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I'm an experienced PHP/JS developer with a tiny bit of background (read university projects) in Java/C/C++. I'm looking to branch out my skill set and would like some advice on what language would be the best to pick up, along with a UI framework for that language. I have a tiny bit of experience with Qt's C++ implementation.

Let me define what I consider to be "best". I'm looking for something cross-platform (I use a MacBook Pro and a desktop that dual boots Windows/Linux) that is reasonably easy to get into as far as UI goes but will be scalable to larger applications. I'm comfortable writing terminal applications in Java/C/C++/Python/PHP but some of these little things I've written I would be interested in extending with more user friendly/pretty UIs.

At the end of the day, I think this probably boils down to a framework discussion so, let's paraphrase the question as "What cross-platform UI framework is most accessible but also professionally relevant."

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Are you looking for a web or desktop environment? If desktop use eclipse RCP –  stacker Feb 15 '11 at 21:29
@stacker I'm specifically looking at a desktop framework. –  Endophage Feb 15 '11 at 22:02
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3 Answers 3

up vote 2 down vote accepted

Well 3 are recommended:

  1. Swing (Java)
  2. SWT/JFace (Java)
  3. Qt (C++)

Working with these UI toolkits is almost the same: (generally same approach, good UI designers, good communities ... etc) so the language choice should rely on what external libraries are you using and whether or not you want native look and feel for your application (Only Qt and SWT/JFace can give you native look and feel for your application, swing is very bad at it).

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My understanding from friends who work/have worked in Java is that Swing is rarely used. Java projects almost always use some other ("better"?) UI framework. Any idea if that is the case? My couple of encounters with Swing I've found it very convoluted... –  Endophage Feb 15 '11 at 22:01
Since convolution is relative, I would say "Absolutely not" :) Qt and Swing are quite similar and easy to grasp, SWT/JFace is a bit different. But anw, there's very good cross-platform, open source designers for these toolkits that would make your life easier. –  FearUs Feb 15 '11 at 22:24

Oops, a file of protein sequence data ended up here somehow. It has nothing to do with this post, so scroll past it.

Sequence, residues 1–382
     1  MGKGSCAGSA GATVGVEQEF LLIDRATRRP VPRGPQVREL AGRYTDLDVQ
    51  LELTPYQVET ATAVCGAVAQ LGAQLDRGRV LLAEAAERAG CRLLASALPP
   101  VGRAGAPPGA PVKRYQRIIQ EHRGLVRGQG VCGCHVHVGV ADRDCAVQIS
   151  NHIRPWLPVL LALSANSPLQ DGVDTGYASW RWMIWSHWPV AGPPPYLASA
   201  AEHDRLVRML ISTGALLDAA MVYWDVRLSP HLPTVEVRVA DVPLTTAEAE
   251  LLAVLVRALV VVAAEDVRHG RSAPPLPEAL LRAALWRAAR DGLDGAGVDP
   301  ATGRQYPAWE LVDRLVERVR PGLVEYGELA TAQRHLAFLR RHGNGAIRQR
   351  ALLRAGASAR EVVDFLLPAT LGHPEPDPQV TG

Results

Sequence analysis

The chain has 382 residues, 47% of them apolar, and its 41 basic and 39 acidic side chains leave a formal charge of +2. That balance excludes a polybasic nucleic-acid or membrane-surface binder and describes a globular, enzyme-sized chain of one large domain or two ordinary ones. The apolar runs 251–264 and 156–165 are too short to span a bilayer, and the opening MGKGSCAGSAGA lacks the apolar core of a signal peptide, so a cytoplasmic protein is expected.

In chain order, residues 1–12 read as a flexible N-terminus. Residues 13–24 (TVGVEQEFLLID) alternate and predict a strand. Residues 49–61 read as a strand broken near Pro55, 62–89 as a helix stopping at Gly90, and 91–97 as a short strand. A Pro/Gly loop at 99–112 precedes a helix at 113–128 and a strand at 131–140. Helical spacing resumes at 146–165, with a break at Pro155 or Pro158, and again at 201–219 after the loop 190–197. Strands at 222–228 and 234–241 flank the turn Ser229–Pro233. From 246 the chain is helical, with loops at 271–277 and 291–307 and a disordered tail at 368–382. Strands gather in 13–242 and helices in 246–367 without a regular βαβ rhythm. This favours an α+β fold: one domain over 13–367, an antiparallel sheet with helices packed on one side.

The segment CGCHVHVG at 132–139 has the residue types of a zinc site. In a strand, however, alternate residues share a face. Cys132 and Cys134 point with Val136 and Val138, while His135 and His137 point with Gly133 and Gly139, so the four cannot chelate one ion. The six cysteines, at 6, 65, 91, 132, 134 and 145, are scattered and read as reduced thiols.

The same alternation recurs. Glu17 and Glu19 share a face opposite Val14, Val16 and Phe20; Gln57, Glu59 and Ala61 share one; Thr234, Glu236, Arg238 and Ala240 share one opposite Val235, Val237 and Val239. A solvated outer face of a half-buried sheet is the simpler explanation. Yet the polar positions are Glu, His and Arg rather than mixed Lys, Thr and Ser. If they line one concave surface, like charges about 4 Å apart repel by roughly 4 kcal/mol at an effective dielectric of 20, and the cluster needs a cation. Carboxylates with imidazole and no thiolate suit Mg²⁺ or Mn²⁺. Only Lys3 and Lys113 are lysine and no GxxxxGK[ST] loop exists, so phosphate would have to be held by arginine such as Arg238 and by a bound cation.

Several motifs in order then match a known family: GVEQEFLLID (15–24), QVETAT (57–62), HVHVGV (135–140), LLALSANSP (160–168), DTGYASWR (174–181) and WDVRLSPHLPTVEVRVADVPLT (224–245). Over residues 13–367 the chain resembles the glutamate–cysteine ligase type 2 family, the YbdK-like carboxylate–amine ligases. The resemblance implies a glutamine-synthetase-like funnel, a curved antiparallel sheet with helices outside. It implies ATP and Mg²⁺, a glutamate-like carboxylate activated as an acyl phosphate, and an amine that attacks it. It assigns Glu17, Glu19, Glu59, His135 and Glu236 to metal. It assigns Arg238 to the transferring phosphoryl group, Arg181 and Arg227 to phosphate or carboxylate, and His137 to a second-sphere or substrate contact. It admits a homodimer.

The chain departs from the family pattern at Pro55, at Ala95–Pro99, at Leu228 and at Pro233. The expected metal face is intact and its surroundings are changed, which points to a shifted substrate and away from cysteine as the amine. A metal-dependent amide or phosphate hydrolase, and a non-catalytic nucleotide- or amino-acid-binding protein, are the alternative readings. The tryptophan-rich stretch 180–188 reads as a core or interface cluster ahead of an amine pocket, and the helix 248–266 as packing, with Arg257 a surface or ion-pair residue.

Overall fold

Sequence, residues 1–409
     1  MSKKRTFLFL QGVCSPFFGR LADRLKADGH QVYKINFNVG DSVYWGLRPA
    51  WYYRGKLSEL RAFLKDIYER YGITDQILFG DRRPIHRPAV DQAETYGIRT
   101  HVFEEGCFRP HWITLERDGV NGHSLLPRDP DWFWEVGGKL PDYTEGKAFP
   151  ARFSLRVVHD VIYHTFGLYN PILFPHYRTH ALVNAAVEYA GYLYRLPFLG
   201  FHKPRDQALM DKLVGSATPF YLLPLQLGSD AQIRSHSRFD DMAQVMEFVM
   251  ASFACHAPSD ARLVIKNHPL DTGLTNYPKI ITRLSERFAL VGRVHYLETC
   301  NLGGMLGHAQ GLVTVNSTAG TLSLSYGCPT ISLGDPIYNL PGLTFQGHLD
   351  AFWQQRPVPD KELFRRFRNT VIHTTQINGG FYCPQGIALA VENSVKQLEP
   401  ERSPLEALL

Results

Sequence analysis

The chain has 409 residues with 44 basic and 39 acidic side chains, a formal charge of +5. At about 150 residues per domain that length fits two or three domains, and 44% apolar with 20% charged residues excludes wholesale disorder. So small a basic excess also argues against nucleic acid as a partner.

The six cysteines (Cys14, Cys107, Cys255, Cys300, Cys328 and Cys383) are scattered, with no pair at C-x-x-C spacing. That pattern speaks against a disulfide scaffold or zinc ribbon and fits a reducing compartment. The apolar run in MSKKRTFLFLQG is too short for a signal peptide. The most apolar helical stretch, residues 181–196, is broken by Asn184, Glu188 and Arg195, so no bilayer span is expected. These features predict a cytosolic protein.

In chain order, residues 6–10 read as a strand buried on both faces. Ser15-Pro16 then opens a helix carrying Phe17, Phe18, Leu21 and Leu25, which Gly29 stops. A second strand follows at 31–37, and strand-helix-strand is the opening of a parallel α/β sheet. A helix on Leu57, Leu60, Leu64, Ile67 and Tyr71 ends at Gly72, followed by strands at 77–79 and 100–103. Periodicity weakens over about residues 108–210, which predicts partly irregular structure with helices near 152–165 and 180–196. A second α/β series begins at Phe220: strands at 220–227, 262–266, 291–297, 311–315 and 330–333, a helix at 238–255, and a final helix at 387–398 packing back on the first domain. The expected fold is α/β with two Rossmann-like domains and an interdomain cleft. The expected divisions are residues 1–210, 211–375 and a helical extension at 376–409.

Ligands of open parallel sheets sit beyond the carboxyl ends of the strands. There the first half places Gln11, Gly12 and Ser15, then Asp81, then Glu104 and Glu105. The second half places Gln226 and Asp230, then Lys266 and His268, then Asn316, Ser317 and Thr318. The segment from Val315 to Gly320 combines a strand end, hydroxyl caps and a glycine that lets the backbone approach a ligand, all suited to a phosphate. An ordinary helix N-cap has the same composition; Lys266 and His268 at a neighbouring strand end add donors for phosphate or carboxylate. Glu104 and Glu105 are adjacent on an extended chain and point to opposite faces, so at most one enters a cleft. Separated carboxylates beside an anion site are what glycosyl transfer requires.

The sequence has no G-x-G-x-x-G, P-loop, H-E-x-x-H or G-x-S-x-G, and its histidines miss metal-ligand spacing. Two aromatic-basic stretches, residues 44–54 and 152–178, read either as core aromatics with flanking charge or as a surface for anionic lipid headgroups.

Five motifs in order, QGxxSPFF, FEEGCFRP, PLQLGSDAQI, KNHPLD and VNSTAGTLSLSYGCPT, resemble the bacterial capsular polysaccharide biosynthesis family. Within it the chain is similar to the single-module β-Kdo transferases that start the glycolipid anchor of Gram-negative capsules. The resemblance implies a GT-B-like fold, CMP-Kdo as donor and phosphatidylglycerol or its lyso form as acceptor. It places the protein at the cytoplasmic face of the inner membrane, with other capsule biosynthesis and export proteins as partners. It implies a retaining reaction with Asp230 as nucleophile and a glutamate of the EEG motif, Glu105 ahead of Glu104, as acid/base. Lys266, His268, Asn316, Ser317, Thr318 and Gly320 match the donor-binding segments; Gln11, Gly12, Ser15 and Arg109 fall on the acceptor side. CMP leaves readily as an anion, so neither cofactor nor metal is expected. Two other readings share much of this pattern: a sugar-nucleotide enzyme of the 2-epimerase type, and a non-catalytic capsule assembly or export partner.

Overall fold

So If you want to use Qt, there's Qt Designer (obviously), if you want to use Eclipse there's WindowBuilder Pro (now open source thanks to Google) for both SWT/JFace and Swing, and finally Netbeans has Matisse (bundeled with the default installation). –  FearUs Feb 15 '11 at 22:26
So at the end, if you want Native looks for your app your choice will narrow down for SWT | Qt. Afterwards it depends on what code you already have developed, and on what external libraries you're intending to use. –  FearUs Feb 15 '11 at 22:28
Thanks for all the extra info. You win the +1 and accepted answer. I'm playing about with SDL at the moment to familiarize myself more with C++ in general then I will probably move on to Qt. I have a couple of very low spec systems that I would potentially want to run some of my stuff on so I'm more confident Qt would scale down well. As littleadv pointed out it'll run happily on embedded systems. My android phone has an unresponsive interface sometimes so I'm not convinced a Java based solution would scale so well to a lower spec computer. –  Endophage Feb 17 '11 at 21:11
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I like the Qt, it's easy to learn, easy to use, and is cross-platform and versatile enough to perform very well even on an ARM embedded device running busybox.

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+1 Thanks, I wasn't aware Qt was quite so scalable down to embedded systems. Good to know. –  Endophage Feb 16 '11 at 1:00
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Have you considered wxWidgets? It's cross platform and there is multiple language bindings. It has been around for some time and is used in multiple commercial products.

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